02 December, 2006

Interview AAR

On the good side, it turns out the job is only half receptionist. The rest is dealing with clients in a more detailed way--everything from interviewing them to determine their needs to actually educating them about their situation and available assistance... which on one hand makes me want the job more, and on the other makes me think I have a lesser chance of getting it (even though I know I'd be good at that kind of work).

There were four people on the hiring board, all extremely thorough and professional: the director, someone who seemed to be the leader of the caseworkers, someone more focused on the clerical side of things, and a master chief.

I honestly don't know how I did. I didn't totally bomb, but I didn't feel like I aced it, either. Unlike the usual in my interviews, I couldn't really figure out what type of person they're really looking for or what their personal response to me was. What worries me most is that I didn't feel a personal connection with them, and I've never gotten a job where I didn't feel that we "hit it off."

As usual, it was an adventure. Due to a security-related foul-up, the master chief ended up having to request a duty driver to pick me up. When I finally sat down before the hiring board, it became very clear that they had never considered the possiblity that I was a civilian. They apologized for not making the proper security arrangements, but I insisted it was my fault as I had been uesd to dealing with more-open USMC bases and the hospital, and hadn't thought to check about the access requirements at a Navy base. I tried to spin it as a matter of habit rather than ignorance (I had a vague memory of hearing about day passes before), but I don't know if I succeeded.

I felt like the pass debacle had already shot me in the foot, but I soldiered on. The director asked if a duty driver had brought me. I said, "Yes, thank you. And a very nice duty driver he was!"

She instantly turned to the master chief and said "See, a compliment for your driver." The chief asked for his name and I couldn't supply it, as I'd never gotten a glimpse of his nametag. But the bright spot in this was that I was able to give the chief details about the sailor that made it clear I'd taken genuine interest in him and conversed as I rode.

Ah, well... the rest is mostly fuzzy and unclear to me. I didn't feel like I bombed, but didn't leave feeling nearly as confident as I'd like. I began to strongly suspect that they would've never interviewed me had they known I was a civilian. The master chief was the last of the four to ask me opening questions, which I felt (up until that moment) I'd answered pretty well. He somewhat condescendingly apologized in advance, saying, "I'm going to have to ask you a couple of unfair questions."

I tried to smile invitingly and said with a confident laugh, "Ask as many unfair questions as you'd like." His first question: What do you know about pay and allowances... what's the difference? In response, I discussed Basic Pay and Special Pay, then mentioned BAH and BAS, and explained BAH. I then kind of petered out because I wasn't sure what he was really asking. I said, "What exactly are you looking for? Is there a specific question you have in mind?"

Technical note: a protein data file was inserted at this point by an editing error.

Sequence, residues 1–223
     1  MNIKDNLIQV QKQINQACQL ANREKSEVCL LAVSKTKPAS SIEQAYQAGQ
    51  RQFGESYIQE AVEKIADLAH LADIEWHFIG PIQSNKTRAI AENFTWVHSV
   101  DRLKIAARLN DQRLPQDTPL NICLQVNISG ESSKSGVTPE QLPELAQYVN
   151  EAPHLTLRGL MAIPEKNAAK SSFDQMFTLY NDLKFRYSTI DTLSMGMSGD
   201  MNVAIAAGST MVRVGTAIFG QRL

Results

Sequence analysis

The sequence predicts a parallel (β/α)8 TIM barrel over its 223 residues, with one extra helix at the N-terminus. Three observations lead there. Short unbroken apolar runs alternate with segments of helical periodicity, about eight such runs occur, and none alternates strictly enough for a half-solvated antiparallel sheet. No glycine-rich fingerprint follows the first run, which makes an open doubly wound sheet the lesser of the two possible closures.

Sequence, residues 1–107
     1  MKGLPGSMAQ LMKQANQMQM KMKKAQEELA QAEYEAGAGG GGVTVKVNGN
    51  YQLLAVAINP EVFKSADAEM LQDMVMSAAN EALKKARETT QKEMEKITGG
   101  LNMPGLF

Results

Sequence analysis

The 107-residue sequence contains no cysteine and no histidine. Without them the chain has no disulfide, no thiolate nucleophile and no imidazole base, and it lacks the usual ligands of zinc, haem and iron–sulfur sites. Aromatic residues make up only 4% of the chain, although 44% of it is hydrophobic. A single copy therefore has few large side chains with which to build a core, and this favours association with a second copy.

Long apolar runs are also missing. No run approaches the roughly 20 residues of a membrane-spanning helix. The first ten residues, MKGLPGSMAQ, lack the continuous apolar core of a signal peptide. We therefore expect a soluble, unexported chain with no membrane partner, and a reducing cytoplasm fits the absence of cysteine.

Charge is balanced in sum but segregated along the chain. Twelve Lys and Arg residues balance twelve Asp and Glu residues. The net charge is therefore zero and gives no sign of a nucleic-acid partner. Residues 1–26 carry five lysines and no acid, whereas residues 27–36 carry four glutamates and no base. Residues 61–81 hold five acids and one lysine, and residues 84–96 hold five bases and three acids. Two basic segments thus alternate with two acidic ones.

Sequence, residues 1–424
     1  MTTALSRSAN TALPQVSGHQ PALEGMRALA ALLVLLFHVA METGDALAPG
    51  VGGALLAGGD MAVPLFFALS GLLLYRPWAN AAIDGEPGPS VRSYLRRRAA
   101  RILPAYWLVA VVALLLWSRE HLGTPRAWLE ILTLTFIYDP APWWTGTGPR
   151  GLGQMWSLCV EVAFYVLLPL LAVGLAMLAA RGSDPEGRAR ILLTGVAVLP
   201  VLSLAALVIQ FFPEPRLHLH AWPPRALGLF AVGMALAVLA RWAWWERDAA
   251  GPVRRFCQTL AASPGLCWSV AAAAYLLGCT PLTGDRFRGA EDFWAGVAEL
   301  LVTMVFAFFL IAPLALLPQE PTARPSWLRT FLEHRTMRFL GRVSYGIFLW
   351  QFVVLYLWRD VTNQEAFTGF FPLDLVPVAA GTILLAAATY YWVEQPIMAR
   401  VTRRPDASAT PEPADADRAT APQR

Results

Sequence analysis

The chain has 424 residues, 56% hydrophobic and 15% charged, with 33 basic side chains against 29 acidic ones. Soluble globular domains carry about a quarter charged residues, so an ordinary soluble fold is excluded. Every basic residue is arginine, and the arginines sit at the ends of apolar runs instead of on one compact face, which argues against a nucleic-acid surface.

He thought for a moment and then said, "No, I think that covers it." He then threw me a curveball, "There are times when something becomes serious enough that you must contact a sailor's command. How would you go about doing that?"

Huh? I really didn't understand what he meant. I said that I assumed there were procedures and guidelines about when and how that would occur, but that absent that guidance I would call and say, "I need to talk to you about one of your sailors." I pointed out that I would share the name and information with no one but the proper person, but then started to founder a bit. The chief interrupted and commented that there are "some very difficult commands to work with."

That gave me a lifeline and I pointed out that at the USO we often have people coming in with partial or confusing orders, or they're really clueless. "In those circumstances we have to figure out who can help them. That often means starting at the quarterdeck and digging from there to get to the people who have the answers and the power to fix things." I said that I have experience in asking the right questions about how to get things done and who really runs things. But I felt like I kind of biffed that answer. I still don't have a clue what he was getting at with that question. I wish I'd been quick enough on my feet to say with a wink, "Why, I'd call the Chief, of course! Everyone knows that's who really runs things..."

There is some hope that I may have overcome the "ignorant civilian" label. At the end of the interview I acknowledged that they may have concerns in that area and said, "I strongly encourage you to contact references A and B if you have any concerns about my understanding day-to-day military life and culture in general." I then offered them copies of a letter of recommendation from an officer stationed on that very base, which says I have much to offer and should be hired immediately and which they accepted. Unfortunately, I then promptly shot myself in foot again by saying that the letter was the kind of thing that I hope to someday actually live up to (Doh!!).

Like I said above, I really don't have a clue about how the interview went overall. All I've got is my intuition, which is currently being short-circuited by my pessimism and battered confidence, and my over-developed ability to pick myself to pieces and focus on the worst of anything I do.

At least I'll know by the end of next week, so I'll have only a week of torturing myself. Heh.